This captures the gist of many defence/foreign policy debates. The latest one: are the Canadian Forces doing combat in Iraq? I got sucked into this discussion last year, and probably didn't help it much.
To say that the CF is or is not doing combat is a distraction. It can be fun to play word games, but having permission to shoot first or second is really not the most important question these days.
This is interesting:
“The rules of engagement allow Canadian Forces to defend themselves, [to] anticipate their defence so that they can engage a hostile act or ... intent before it materializes,” Gen. Vance told the Commons defence committee.But it ain't that important. What would be important is if the Canadian Special Operations Forces were engaging in raids (not that we can tell). Or that the trainers we are deploying might be embedded and engaged in significant offensive operations alongside Kurdish/Iraqi Security Forces. But they are not. This is not Afghanistan where Omelets (Observer Mentor Liaison Teams) were fairly standard procedure (although countries varied in the rules they operated under).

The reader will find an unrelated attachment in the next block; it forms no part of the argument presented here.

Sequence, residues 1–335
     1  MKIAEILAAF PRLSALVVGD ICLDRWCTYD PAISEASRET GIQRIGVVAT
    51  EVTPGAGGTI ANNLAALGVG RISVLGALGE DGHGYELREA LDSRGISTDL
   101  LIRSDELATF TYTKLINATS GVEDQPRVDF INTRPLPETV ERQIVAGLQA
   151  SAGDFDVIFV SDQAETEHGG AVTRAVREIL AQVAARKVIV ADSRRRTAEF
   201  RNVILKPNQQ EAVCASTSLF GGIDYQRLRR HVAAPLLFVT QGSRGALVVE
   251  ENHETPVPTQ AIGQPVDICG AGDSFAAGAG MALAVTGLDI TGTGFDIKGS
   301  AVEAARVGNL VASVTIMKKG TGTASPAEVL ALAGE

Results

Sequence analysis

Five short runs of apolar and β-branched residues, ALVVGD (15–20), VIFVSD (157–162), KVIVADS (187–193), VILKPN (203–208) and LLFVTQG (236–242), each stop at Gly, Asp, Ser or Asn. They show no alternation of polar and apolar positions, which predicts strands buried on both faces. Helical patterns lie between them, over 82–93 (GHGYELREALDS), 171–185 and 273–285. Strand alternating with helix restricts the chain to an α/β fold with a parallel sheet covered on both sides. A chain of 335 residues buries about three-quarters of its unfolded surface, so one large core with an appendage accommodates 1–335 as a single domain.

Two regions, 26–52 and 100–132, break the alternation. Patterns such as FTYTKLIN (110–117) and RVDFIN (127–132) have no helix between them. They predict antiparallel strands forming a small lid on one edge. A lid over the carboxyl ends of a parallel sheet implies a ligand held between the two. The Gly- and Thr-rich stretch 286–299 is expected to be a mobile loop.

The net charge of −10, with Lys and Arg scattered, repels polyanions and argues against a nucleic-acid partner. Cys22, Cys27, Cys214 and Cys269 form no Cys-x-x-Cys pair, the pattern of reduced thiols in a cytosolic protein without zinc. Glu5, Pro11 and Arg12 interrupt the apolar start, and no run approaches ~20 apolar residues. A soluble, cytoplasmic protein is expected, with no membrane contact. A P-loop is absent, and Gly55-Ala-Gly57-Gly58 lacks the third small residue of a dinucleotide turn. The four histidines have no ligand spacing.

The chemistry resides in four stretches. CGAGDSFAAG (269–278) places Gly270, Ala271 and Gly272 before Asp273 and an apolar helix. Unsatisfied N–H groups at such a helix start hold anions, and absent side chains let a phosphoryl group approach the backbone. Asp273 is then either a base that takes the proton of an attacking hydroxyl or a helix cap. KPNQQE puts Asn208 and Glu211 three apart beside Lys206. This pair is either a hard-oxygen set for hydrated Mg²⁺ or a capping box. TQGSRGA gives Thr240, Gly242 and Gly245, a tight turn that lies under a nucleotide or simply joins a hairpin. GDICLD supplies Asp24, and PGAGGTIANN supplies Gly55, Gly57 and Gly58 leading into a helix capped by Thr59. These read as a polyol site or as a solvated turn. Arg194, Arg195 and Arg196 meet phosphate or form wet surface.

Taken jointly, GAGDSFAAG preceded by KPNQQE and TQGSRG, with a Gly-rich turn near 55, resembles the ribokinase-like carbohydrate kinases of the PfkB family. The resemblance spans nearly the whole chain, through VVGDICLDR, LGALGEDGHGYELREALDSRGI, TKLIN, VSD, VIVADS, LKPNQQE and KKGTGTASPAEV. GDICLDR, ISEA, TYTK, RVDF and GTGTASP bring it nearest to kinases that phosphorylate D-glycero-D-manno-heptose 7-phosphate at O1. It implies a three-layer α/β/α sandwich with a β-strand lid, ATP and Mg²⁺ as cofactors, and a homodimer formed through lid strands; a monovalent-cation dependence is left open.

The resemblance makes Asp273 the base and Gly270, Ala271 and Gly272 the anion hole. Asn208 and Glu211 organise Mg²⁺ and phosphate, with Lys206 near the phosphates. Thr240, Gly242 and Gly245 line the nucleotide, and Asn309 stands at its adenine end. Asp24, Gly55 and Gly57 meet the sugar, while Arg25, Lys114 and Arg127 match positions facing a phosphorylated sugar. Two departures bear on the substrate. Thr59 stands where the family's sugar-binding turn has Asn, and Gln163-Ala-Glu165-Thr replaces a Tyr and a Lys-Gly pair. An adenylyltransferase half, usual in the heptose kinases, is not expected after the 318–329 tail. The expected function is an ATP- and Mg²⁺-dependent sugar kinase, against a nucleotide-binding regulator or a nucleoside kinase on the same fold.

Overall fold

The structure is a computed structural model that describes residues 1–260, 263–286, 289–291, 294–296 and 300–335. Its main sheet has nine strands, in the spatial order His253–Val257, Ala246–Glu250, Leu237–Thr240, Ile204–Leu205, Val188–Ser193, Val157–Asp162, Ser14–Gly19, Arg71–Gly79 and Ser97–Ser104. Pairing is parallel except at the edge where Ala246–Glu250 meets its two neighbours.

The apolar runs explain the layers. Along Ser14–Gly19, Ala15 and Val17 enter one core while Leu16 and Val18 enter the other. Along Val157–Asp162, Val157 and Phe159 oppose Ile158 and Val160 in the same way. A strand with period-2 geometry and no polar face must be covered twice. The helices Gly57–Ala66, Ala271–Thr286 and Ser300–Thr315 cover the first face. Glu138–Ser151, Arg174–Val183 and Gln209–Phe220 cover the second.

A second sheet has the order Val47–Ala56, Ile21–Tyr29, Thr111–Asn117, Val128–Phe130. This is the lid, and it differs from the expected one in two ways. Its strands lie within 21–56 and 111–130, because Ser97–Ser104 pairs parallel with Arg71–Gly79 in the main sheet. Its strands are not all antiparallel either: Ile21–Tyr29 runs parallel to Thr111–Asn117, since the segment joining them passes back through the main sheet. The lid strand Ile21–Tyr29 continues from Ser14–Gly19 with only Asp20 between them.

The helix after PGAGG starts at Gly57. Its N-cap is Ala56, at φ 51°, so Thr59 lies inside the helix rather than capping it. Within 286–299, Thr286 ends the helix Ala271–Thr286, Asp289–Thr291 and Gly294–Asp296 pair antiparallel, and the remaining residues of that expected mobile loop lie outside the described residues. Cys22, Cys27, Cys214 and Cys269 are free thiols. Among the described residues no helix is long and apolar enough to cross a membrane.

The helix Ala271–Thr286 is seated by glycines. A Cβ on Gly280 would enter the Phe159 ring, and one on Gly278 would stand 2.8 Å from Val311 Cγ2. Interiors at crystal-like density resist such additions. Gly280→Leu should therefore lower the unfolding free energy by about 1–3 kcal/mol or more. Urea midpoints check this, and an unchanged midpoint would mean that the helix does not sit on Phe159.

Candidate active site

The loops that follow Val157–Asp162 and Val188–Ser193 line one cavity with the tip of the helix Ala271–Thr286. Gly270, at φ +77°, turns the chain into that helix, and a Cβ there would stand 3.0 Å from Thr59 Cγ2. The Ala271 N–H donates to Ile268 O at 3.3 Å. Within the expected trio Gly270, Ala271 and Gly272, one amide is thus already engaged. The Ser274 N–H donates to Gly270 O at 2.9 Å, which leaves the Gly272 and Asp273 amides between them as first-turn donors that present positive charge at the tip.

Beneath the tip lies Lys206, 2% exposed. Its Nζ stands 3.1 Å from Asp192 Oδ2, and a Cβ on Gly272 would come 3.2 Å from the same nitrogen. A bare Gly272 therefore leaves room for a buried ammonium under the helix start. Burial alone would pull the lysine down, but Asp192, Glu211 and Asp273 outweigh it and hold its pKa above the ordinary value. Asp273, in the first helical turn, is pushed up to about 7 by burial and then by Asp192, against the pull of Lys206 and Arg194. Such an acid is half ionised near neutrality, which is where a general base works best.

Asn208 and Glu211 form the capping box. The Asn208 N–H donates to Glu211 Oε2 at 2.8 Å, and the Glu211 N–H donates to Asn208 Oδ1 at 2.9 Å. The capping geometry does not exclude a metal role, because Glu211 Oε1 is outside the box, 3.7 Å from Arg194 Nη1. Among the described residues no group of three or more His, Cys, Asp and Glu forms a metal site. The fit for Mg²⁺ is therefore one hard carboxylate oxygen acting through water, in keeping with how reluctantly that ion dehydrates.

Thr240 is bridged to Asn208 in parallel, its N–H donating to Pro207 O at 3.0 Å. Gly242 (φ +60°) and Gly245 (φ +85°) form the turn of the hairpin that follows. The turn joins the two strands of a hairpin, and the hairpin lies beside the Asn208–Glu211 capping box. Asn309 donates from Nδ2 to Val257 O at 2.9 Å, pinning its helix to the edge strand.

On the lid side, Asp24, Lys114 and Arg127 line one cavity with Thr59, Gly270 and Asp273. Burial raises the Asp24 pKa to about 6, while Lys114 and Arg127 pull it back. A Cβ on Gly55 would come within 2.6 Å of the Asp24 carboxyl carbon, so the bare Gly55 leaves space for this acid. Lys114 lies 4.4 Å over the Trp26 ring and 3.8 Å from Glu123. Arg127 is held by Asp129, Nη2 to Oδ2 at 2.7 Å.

So, what would be the important questions?
- How does training the Kurds help kick ISIS out of Iraq if the Kurds are not likely to be willing to fight very far beyond the territories they claim (Kurdistan)?
- How does training the Iraqi Security Forces work? Will we be training those that work alongside the Iranian militias? Will folks we train be better able to engage in ethnic cleansing?
- How do we know that the Iraqi military forces will be used well or poorly by the Iraqi government?
- All this training might not mean that much unless the Iraqi government finds some way to credibly assure the Sunnis and Kurds that the government will not abuse its power .... again. What role can Canada play in that?
But, no, tis easier to look and see SQUIRREL!